Heart Health

The Effects of Diabetes on Your Heart

Diabetes is a chronic condition that can seriously affect your health, including your heart. Over time, high blood sugar can damage blood vessels and the nerves that control your heart.

Professional research studies estimate that over 10 percent of deaths involving people with diabetes are directly related to heart issues. Diabetes can damage the large arteries, making them stiffer and less able to handle the additional stress placed on them when blood pressure increases. It can also reduce the efficiency of how well our heart pumps and causes blockages in our coronary arteries. Let's break down the impact of diabetes on your heart.

The Link Between Diabetes and Heart Health

For those with diabetes, managing their blood sugar levels is essential to staying healthy. Unfortunately, diabetes and heart disease often go hand in hand. High blood sugar can damage blood vessels and the nerves that control your heart, making it more challenging to manage your health. People with diabetes are also more likely to have other conditions that raise their risk for heart diseases, such as high blood pressure, too much LDL ("bad") cholesterol, and high triglycerides. High glucose levels in your bloodstream from diabetes can damage the small blood vessels throughout your body, including those that supply oxygen-rich blood to your heart muscle. This is called diabetic cardiomyopathy, affecting how well your heart works, making it difficult to pump effectively. Damage to these small vessels also increases your risk for coronary artery disease (CAD), which occurs when plaque builds up in the arteries that supply oxygen-rich blood to your heart muscle. If left untreated, this buildup narrows those arteries and can lead to a heart attack or stroke. In addition, people with diabetes are more likely to suffer from high blood pressure (hypertension). High blood pressure strains on the heart muscles, increasing the risk of developing CAD, stroke, or heart attack. Furthermore, uncontrolled blood sugar levels can leave us more susceptible to infections such as endocarditis (a condition of the lining within the heart) and even cardiomyopathy (a disease that affects the heart's muscle tissue).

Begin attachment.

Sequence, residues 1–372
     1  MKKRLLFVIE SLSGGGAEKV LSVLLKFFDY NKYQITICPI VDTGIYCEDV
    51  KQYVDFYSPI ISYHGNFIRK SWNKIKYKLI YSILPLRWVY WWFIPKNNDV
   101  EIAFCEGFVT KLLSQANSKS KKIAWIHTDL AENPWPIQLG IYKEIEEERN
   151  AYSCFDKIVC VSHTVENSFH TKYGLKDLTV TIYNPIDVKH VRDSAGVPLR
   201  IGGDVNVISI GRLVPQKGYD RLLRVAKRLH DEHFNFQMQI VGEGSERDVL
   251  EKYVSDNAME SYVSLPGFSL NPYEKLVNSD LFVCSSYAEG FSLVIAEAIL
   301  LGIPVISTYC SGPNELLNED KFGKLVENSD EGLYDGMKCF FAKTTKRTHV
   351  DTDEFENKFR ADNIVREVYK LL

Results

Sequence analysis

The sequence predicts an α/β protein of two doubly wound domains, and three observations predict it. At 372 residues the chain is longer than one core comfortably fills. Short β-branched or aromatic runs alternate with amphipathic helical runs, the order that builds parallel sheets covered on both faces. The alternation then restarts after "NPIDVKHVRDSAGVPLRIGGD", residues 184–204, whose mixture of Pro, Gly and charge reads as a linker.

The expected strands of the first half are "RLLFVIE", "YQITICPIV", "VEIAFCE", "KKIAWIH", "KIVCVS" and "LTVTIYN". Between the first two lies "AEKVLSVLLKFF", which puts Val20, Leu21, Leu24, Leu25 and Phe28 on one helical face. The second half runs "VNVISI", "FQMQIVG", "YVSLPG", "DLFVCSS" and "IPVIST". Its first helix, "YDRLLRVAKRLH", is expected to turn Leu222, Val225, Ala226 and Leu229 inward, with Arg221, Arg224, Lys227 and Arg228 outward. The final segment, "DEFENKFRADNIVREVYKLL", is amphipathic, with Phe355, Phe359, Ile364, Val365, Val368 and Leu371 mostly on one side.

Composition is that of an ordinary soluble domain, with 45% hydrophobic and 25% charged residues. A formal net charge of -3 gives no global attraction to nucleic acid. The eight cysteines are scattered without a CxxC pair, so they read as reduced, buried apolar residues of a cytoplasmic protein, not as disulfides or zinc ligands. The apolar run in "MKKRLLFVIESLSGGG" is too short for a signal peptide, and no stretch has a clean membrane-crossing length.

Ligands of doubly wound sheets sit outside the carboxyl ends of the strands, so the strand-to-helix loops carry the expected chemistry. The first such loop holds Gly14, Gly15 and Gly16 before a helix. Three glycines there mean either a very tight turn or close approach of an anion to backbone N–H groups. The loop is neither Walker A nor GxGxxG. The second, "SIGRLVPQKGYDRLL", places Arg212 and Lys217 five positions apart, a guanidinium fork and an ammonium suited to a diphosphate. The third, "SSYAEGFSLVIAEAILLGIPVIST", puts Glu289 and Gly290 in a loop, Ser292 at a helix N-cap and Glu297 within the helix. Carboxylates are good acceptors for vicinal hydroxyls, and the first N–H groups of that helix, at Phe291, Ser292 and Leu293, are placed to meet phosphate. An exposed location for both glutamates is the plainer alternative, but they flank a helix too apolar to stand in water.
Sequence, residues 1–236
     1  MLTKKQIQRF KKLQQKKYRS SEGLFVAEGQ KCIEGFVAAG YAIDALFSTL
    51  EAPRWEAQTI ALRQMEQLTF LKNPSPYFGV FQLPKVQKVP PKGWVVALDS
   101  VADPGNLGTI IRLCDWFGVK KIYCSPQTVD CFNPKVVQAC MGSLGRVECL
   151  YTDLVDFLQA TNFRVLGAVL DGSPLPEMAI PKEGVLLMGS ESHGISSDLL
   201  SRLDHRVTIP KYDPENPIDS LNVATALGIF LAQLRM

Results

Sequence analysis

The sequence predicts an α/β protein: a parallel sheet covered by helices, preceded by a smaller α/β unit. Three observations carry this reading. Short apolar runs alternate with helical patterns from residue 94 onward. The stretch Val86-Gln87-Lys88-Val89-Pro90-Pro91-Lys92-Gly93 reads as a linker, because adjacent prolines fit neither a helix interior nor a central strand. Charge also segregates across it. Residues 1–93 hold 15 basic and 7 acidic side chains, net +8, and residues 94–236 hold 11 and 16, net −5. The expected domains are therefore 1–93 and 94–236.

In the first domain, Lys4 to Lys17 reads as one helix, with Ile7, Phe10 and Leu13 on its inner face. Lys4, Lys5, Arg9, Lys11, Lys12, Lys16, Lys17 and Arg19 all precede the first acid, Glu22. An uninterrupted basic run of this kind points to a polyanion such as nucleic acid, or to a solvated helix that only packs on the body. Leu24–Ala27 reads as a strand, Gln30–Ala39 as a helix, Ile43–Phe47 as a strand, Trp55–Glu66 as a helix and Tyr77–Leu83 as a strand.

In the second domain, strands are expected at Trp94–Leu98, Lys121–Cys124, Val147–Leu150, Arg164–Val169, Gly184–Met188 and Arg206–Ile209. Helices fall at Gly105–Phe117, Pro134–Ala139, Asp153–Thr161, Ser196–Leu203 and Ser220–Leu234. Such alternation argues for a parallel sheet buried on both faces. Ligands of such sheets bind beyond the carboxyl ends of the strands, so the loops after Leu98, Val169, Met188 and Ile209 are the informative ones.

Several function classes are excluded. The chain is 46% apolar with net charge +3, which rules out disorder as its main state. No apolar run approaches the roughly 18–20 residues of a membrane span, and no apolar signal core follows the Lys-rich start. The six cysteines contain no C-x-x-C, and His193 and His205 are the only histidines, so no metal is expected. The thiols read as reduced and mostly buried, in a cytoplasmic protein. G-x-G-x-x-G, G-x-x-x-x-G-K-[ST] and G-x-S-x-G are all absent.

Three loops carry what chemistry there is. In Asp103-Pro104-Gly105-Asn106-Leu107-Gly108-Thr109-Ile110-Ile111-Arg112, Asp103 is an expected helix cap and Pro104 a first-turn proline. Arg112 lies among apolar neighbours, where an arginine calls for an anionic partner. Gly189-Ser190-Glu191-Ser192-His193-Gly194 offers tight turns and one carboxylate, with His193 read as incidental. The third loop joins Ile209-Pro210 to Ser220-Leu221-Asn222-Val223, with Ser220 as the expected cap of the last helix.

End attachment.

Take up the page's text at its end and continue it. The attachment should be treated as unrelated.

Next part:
Treating Diabetes To Protect Your Heart Health

The good news is that keeping tight control over your diabetes can help reduce these risks of developing severe cardiovascular issues. The most important step you can take if you have diabetes is to control your glucose levels by following a healthy diet and exercise routine.

1. Eating fresh fruits and vegetables while limiting processed foods will help keep your glucose level in check.

2. In contrast, physical activity helps strengthen the body's natural defense against inflammation caused by elevated glucose levels.

3. Additionally, monitoring your weight and maintaining a healthy BMI (body mass index) will help reduce stress on your cardiovascular system, which may be further impacted by obesity or excessive weight gain due to poor diet choices or lack of physical activity.

4. Finally, quitting smoking or avoiding smoking altogether will lessen the chance of developing blocked arteries or other smoking-related complications, which could strain an already compromised system from having uncontrolled diabetes over time.

Regular Check-ups Are Crucial For Health Management

Maintaining regular checkups is essential to health management, especially for those with diabetes. Early detection and proactive treatment can be critical in avoiding permanent damage or more severe conditions such as heart disease, high cholesterol, or hypertension (high blood pressure). With the proper care plan prescribed by a knowledgeable physician, it's possible to avoid plaque buildup in our cardiovascular system, which could lead to cardiac arrest if left unchecked.

Diabetes is a complex condition that requires careful management if you want to protect yourself against serious health complications like cardiovascular problems later on down the line. Fortunately, there are steps you can take today to keep tight control over this chronic condition so you don't have to worry about developing CAD or hypertension later on down the line. If you have been diagnosed with either Type 1 or Type 2 diabetes, talk with your primary care physician and cardiologist about how best to protect yourself against cardiovascular issues now, so you don't suffer from them in the future!

Respectfully yours,